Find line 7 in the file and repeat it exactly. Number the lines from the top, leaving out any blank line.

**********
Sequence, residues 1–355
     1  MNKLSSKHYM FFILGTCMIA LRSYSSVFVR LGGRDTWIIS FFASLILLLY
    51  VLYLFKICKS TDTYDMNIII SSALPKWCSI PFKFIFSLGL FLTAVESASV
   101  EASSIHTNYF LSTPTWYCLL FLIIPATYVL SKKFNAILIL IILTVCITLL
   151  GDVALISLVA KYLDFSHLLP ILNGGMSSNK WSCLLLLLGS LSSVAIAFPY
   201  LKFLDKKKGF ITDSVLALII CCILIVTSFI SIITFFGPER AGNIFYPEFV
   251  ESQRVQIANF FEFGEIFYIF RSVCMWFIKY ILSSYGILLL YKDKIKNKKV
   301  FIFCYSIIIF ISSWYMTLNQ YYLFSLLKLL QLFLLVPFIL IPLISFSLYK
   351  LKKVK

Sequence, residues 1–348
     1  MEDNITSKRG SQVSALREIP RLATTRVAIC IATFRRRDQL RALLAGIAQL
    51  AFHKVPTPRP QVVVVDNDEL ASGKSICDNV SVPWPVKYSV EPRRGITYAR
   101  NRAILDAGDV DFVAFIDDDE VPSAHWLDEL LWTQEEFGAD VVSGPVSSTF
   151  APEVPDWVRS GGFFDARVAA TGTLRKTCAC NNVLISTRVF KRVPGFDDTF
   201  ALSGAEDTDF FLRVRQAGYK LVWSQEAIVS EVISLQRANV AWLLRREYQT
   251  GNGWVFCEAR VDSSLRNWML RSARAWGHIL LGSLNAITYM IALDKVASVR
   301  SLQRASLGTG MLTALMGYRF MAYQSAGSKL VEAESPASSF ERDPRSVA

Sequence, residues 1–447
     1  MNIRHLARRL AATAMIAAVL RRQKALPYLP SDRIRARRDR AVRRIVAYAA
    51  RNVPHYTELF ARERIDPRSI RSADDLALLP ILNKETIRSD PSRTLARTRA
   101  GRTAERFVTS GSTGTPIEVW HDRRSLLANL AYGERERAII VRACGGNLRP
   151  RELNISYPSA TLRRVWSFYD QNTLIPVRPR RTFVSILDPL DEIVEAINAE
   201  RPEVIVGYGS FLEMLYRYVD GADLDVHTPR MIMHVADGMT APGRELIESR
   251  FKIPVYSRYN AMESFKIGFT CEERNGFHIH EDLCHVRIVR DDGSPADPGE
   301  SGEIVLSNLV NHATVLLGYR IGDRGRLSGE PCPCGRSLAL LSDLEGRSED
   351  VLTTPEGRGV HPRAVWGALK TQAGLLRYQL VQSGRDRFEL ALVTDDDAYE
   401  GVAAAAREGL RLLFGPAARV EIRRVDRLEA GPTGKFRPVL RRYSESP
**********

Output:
   251  ESQRVQIANF FEFGEIFYIF RSVCMWFIKY ILSSYGILLL YKDKIKNKKV